Any questions about the overall structure of the phase diagrams and these phase equilibria? OK, let me just end with a few comments about one part of the phase diagram that we haven't talked about yet. This. What's going on there? If we were to change, of course, I've got a finite amount of space on the blackboard, so I haven't drawn T and p out to infinity. But if I could, this line would keep going forever. There would always be some pressure and temperature at which you would have equilibrium between two different, distinct solid and liquid phases. Turns out, that's not true for the gas and the liquid. And there are a bunch of ways to see this. But one is you could think of the symmetry difference. When you go from a crystal, a crystal and solid, to a liquid or a gas, there's no question that you've changed phase. Because there's a symmetry in the solid that's no longer maintained in the isotropic liquid or gas. So clearly there's never going to be a point where these two phases become the same thing. Become somehow indistinguishable. But the gas and the liquid, I don't know, what's the difference between them? The density, right? The gas is more dense. It's condensed. Sorry, the liquid is condensed. The gas isn't.

But that starts to change when you adjust the pressure and temperature accordingly. And you can sort of see it coming. What'll happen is, you change the temperature, the molar volumes of the liquid and the gas start to get equal to each other. That's what'll end up happening. And at that point, what's the difference between them? There is no difference. There's no symmetry difference. So you can actually, instead of going through a phase transition, where there's a meniscus, you can see the top of the liquid when you heat it up. There's boiling and then there's the gas. You can actually go from the gas, let's go the other way, from the liquid to the gas phase, without ever boiling. If you change the pressure as well. So that you can actually walk all the way around the critical point.

What happens, is up here you don't have two distinguishable phases any more. And actually, material out at this region has a bunch of very unusual behaviors. Very useful behaviors, actually. Chemical behavior can be really very, very, different in what's called supercritical, the supercritical region beyond the critical point. Water behaves really unusually there. Or it turns out, in that region, it turns out to be a terrific solvent for organic stuff. Organic molecules which normally don't dissolve well in water. And it doesn't dissolve salts very well. That's pretty unusual. Carbon dioxide, CO2, turns out to be a pretty good solvent for organics in the supercritical region. That's what dry cleaning is. Very nice, because know CO2, apart from its slow effect on our atmosphere, it's not poisonous. It's not toxic. So you can do dry cleaning without organic solvents. All sorts of unusual behavior happens above the critical point. Beyond the critical point.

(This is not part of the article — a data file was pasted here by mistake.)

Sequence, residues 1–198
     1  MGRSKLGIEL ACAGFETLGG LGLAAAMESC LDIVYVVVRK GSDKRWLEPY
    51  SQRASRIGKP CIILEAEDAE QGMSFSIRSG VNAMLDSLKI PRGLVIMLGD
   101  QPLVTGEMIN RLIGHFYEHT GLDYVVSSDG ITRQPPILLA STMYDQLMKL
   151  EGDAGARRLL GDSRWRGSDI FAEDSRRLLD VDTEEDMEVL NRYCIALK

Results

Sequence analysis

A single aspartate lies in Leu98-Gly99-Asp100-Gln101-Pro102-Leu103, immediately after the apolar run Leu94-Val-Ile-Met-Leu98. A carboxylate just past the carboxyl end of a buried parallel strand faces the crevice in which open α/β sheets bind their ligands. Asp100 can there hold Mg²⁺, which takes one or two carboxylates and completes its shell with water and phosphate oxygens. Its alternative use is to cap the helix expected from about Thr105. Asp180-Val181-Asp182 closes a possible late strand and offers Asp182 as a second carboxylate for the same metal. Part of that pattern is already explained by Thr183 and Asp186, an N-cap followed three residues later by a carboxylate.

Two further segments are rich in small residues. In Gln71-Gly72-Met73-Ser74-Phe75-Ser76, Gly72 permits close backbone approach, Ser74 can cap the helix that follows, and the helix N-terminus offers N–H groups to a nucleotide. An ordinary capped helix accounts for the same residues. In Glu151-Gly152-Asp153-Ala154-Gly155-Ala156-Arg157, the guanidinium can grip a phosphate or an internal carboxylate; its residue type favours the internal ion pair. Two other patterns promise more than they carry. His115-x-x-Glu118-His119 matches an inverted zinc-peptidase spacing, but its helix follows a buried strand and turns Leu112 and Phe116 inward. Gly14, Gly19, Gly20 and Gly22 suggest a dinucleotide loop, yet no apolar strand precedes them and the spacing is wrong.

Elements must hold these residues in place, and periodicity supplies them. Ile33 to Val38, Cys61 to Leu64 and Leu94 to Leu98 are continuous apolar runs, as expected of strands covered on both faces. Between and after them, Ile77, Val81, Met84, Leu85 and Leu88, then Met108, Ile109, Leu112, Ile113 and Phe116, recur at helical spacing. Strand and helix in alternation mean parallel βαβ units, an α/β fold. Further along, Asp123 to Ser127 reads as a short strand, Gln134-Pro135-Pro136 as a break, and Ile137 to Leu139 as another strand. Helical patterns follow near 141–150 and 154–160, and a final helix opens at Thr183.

There's also a whole range of behavior at the critical point. Right at the critical point that's extremely unusual. That you could think of as a consequence of the fact that the molar volumes are getting to be almost equal to each other. That's unusual in a lot of ways. And what ends up happening is, you can see if you go online, actually, if you just Google critical point, you can see amazing movies of stuff that's at the critical point. Because what happens is, so you've got the liquid. And you've got a meniscus, and you've got the gas. And you can tell. You look at it. There's the liquid. There's the gas. But if you go real close to the critical point, the stuff doesn't really know what phase it's in. Because it's losing the distinction between the two phases. You start seeing globules of liquid up there in the gas phase. And globules of the gas down in the liquid. Because their densities - I mean, the only reason the liquid's at the bottom normally is because the density is higher. If that stops being the case, it has no more right to occupy the bottom part than the gas. And so they sort of start interchanging. And if you get even closer, of course, what eventually happens is, there's just one phase. You don't see distinct meniscus's any more. But right near there, you see enormous fluctuations in the local density and in the location. The physical locations of different phases. And we'll see that come in another context later. Because when we talk about two phase equilibria solutions. You get this with you oil and water, you get critical mixtures also, where right at the special point, the meniscus goes away and the oil and water start interchanging. And in those situations, a tiny amount of force can give you a really big response. Because the two things are just teetering in the balance. So a little bit of force pushes things one way or the other. That's actually useful in a whole bunch of different cases. Because that critical behavior happens in all kinds of phase transitions. Magnetic phase transitions. Ferroelectric phase transitions. And in those situations, a tiny little magnetic field, for example, gives you a really big change in the magnetization. If the alignment of spins. And that's very useful. You can get a very big material response and change. You can switch something, for example, with a really small external field. And in these cases, you can change the density really a lot by only a small change in pressure.

OK, next time we'll extend the Clapeyron equation and also go to two component systems. So you actually, Professor Blendi will take over again on Friday. And we'll see you then.